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wilcal last won the day on November 15 2016

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  1. Relatives place in Kingwood went down by about 10% (non-flooded part). Land stayed the same and it was the improvement that dropped. No increase from 17 to 18 and now it has dropped to right at 16.
  2. It's a CIP project so I'm assuming it would be similar to the Patterson bikeway, which would mean almost immediately. Pretty sure they would have to spend the funds this year.
  3. I'm really not coming at this in a form of poor taste, but you have to wonder how the bike fatality just a few blocks away from here will affect thinking of residents. Even people with right of way in bike paths are getting killed.
  4. Haven't seen it yet. And yes, they said no pecore and nothing west of shepherd at this time.
  5. They have been typically using painted separation/addition of armadillos of a few feet on higher traffic streets. So a little better, but not wonderful.
  6. Lets also be clear that those federal funds were our money to begin with. It's sad that we run the biggest negative in terms of receiving federal road funding. We send out about 110% of what we get back. Yes, that's how being in the federal government works, but still annoying. Brightline is 100% private (well, they almost just had an IPO after collaborating with Virgin), but getting to utilize some existing government/train ROW. I understand what you are saying, and I don't necessarily think the state should be paying for high-speed rail to connect cities (although I wouldn't be against it) but the funds should certainly be available for other transit projects. Just the option! But it's been designed so there is no option, and that is heartbreaking.
  7. They administer $25 billion/year. I think they could figure it out if Brightline can. Isn't this why they changed their name from Texas Department of Highways? To be more all-encompassing? (an honest question here) As I showed above, it's the only path they have. Then you'll never have access to state funds or the federal funds that are given to the state, and that's a shame.
  8. TN.222.001 requires that funds in the State Highway Fund must be used to improve the state highway system or mitigate environmental effects of such system. https://statutes.capitol.texas.gov/docs/TN/htm/TN.222.htm#222.001 The State Highway Fund takes constitutionally dedicated taxes and fees, Prop 1 Oil and Gas Taxes, Prop 7 taxes, and federal funds. Here is your breakdown on State Highway Fund Revenue: Only Special Vehicle Permits Fees, Sale of Publications/Advertising, Supplies/Equipment/Service, and Other Revenue are not dedicated purely to highways. Those total to just under 3% of state revenue. And both of you may know more than me, but it's certainly possible that not all of the federal dollars ($11.31B for next year) heading into the State Highway Fund don't have to be tied to road construction/maintenance, but TXDoT is not treating them that way to my knowledge. So no, there is nothing written into the state constitution that TXDoT must spend 97% of their revenue on highways, but they way that they have written constitutional amendments for funding via the props and other taxes have that effect. By all means, they could sell tens of billions in advertising and they could, at their discretion, choose how that money is used, but the other funds equal tied hands. I could be wrong, but to my knowledge, they are only administering federal funds, not their own (TASA stuff).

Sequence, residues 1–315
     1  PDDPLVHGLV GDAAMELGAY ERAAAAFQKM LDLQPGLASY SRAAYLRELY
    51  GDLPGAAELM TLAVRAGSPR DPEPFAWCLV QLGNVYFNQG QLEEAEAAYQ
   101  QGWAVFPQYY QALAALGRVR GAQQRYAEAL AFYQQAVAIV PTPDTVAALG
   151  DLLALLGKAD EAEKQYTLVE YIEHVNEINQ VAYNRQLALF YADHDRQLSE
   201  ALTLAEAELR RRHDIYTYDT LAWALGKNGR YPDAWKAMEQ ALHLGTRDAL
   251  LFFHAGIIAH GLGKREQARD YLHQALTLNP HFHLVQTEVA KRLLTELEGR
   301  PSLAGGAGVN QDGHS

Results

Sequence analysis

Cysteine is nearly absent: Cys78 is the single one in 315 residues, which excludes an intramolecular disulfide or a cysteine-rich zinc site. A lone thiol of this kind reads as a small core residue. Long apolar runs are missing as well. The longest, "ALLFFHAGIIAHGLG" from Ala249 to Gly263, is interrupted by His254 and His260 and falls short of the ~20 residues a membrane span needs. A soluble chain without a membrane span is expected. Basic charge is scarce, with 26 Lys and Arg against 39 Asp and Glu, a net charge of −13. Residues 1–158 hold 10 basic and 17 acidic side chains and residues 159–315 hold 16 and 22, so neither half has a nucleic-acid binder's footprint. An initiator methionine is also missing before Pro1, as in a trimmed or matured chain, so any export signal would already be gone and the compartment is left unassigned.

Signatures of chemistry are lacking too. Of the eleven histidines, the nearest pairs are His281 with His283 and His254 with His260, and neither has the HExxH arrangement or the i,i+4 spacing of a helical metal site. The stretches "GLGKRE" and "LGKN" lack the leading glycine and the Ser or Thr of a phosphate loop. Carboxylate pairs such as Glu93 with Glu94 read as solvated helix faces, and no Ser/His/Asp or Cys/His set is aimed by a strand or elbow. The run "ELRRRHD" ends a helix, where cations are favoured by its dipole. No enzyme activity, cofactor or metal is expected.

9. Sorry, you are right technically. It was texas voters who approved it, but it was placed there by the legislature via a legislatively referred constituional amendment. The most recent one was 2015 Prop 7 which diverted more billions specifically into the State Highway Fund. They could have put those funds at the discretion of TXDot entirely, but they were locked into highway usage.
  10. I believe high comfort is anything with separation between the bike lane and regular lanes. That can be paint-only. Also, this project is listed as a CIP, not a Rodney Ellis $10 million project (like the Patterson bikeway). This means that it probably doesn't have the ultra-rapid implementation like the county-funded projects. When the presentation does appear online, it should appear on this page: http://houstonbikeplan.org/11th-street/
  11. The legislature wrote into the state constitution one or two sessions ago that 97% of TxDOT funds have to be spent on roads. So they can't even do public transit if they wanted to.
  12. I wasn't able to go last night. Can you give us any other comments/info from the meeting? I'm surprised that they said Pecore didn't trigger on-street due to traffic count, but the numbers are the numbers. Basically, they want to paint sharrows there? Did they want to split the bike lane across the median on the west side?
  13. Shouldn't be a problem with a household full of drivers for all of those cars, right? 😁 Even if you didn't momentarily park in the bike lane like the other commenter suggested, the furthest house from a side street intersection is about 400 feet. We're not exactly talking about parking pandemonia like Philadelphia or something.
  14. It's Polk. I road it this weekend and it really really is. It's also scheduled for proper bike lane infrastructure soon and the Lanier bike gutters will be replaced. The quality of the concrete is absolutely atrocious, so not sure what they plan on doing.
  15. I asked an industry professional, and any stripe creates a lane separation. The only way a rider would have to ride "in the bike lane" would be on a street that is > 14' in a lane. No way for a bike lane to be part of a lane like that unless it was just sharrows.
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